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January 29, 1970 - Image 6

Resource type:
Text
Publication:
The Michigan Daily, 1970-01-29

Disclaimer: Computer generated plain text may have errors. Read more about this.

THE MICHIGAN DAILY Thursday, Jonuory
A TTOUR OF SMALL SHOPS
On the economic boom and the rise of boutiq

By NOELE NISHIMOTO occur here at a slower pace. Chris
The dominant life-styles of, the Darwall, buyer for Wild Flower,
last decade were set by youths and says, "People accept the way you;
adult admirers w h o rebelled dress. It's a good place for fash-
against an oversystematized so- ion because there can be so many
ciety. Resisting the rationalism different looks."
that destroys spontaneity and in- Miss Darwall sees fashion be-
dividuality, they urged the unin- ing released from the restriction
hibited release of emotion - a of seasonal labels, with bright,
catharsis in search of identity. "summer" colors and fabrics be-
The fashion world was not imr-ing worn throughout the year.
mune to their ideas. After years "Our colors come from Cali-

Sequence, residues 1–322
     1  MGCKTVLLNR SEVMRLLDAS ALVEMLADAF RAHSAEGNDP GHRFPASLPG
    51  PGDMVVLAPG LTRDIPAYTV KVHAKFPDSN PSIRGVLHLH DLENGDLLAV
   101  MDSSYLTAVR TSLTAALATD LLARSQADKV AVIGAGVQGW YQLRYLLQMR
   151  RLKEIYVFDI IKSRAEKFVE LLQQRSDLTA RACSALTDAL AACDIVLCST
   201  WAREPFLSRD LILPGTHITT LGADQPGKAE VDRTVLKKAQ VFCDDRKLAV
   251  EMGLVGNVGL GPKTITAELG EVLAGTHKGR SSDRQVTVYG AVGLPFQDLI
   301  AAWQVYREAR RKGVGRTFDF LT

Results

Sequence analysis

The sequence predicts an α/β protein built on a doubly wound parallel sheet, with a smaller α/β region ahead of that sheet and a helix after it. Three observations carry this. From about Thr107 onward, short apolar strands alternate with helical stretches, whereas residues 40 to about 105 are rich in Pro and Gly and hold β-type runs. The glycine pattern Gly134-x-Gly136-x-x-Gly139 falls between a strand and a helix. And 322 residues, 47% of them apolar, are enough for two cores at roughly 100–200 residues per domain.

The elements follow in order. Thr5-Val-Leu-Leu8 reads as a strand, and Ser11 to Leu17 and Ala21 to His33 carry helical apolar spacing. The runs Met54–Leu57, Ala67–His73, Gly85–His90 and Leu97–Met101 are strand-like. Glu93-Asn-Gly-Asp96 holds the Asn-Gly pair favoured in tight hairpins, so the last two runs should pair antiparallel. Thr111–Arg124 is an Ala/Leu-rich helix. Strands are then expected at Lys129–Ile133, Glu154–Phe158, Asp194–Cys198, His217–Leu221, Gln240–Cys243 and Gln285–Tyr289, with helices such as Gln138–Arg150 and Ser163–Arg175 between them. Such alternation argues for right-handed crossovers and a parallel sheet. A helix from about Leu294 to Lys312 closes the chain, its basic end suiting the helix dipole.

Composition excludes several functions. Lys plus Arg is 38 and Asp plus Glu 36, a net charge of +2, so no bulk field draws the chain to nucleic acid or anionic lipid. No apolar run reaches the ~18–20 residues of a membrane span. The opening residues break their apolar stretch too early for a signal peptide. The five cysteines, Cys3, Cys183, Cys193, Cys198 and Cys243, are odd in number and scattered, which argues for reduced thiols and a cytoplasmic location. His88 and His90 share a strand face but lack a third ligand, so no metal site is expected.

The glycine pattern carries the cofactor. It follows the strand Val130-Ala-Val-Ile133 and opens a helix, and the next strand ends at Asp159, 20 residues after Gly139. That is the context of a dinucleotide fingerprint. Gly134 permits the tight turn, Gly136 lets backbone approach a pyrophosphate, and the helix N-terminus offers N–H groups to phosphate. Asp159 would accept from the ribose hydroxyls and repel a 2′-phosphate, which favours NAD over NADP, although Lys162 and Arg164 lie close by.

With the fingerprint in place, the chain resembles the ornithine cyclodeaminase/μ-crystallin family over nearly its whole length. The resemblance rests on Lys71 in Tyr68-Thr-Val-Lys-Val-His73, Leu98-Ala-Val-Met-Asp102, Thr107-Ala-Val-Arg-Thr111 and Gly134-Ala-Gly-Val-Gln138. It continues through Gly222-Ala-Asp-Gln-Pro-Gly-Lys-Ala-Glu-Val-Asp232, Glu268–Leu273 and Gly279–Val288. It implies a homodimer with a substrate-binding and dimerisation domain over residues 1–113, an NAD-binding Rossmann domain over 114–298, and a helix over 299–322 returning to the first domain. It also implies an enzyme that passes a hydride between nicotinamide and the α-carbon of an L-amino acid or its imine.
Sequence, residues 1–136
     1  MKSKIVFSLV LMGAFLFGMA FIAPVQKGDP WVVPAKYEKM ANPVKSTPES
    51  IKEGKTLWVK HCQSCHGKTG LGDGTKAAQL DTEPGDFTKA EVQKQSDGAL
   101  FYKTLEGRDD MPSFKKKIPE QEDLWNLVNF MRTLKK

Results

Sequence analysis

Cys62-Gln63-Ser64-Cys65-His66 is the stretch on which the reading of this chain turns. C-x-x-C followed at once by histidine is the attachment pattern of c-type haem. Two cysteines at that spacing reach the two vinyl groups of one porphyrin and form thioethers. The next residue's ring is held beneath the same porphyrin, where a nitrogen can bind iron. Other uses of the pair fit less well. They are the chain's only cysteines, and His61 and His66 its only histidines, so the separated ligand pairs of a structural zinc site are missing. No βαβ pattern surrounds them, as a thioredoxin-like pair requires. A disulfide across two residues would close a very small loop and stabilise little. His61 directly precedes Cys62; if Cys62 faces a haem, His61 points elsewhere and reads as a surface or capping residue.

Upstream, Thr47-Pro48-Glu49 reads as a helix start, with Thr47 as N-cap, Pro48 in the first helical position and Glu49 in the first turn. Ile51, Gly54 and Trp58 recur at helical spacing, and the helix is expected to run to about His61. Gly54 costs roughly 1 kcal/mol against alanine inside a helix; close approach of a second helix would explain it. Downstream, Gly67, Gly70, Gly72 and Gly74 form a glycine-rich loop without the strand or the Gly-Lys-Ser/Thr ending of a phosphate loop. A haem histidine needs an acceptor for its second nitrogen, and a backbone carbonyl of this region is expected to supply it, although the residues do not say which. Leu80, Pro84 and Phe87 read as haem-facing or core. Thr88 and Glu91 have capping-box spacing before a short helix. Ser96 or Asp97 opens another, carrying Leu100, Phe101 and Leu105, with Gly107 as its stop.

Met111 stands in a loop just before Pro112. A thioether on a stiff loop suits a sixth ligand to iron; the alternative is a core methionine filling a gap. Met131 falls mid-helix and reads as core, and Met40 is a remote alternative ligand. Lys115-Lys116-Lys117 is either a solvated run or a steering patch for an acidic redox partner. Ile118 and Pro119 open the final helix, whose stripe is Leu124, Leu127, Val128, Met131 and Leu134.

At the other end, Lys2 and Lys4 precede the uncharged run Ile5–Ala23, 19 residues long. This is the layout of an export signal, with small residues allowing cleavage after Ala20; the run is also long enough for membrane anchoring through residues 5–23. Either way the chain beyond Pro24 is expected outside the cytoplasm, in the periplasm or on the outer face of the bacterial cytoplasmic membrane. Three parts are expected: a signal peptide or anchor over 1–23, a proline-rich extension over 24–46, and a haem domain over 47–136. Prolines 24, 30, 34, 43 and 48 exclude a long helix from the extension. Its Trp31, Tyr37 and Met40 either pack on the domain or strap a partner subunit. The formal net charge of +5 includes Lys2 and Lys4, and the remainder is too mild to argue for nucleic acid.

of building larger and larger fornia," says Cynthia Liddell, co-
stores to accommodate a growing owner of Plaster of Paris. "They're
market, retailers began to reverse not seasonable. This is the age of
their course and ri o v e toward central heating, so acetates and'
boutiques. Their reasoning be- rayon sell. just as well in winter
came "the bigger the market, the as in summer."
smaller .the shops." Lisa Smith, manager of Mary;
mlruthe shops. uy Am -Dibble, foresees the quick accept-
Ruth Reich, abuyer for A an- ance of nylon and polyesterI
da Feswick, attributes the growtht dresses,
of bautiques to the money that's Although clothing is the com-
was available in the late '60's and modity usually associated with a
to the sacial movements of that boutique, the small shops in Ann
time. She says, "Banks were lend- 'Arbor offer a variety of merchan-
ing more money, so people. were ,dice. E a ch boutique creates its
a b 1 e to go into businesses for s . a e nnheru thru a nhvuina

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the sudden brightness as she parts
the curtains into the yellow room,
Miss Darwall comments, "We
wanted people to feel happy and
warm. You walk down a dark hall-
way into light. Even our name is
significant. W i 1 d Flower - do
things wildly, differently."
The Medina Shop specializes .in
Afro-products, including clothing,
acessories, statues and fabrics.
Their art objects, hand-crafted in
Africa, Haiti and Mexico, are fre-
quently used by members of the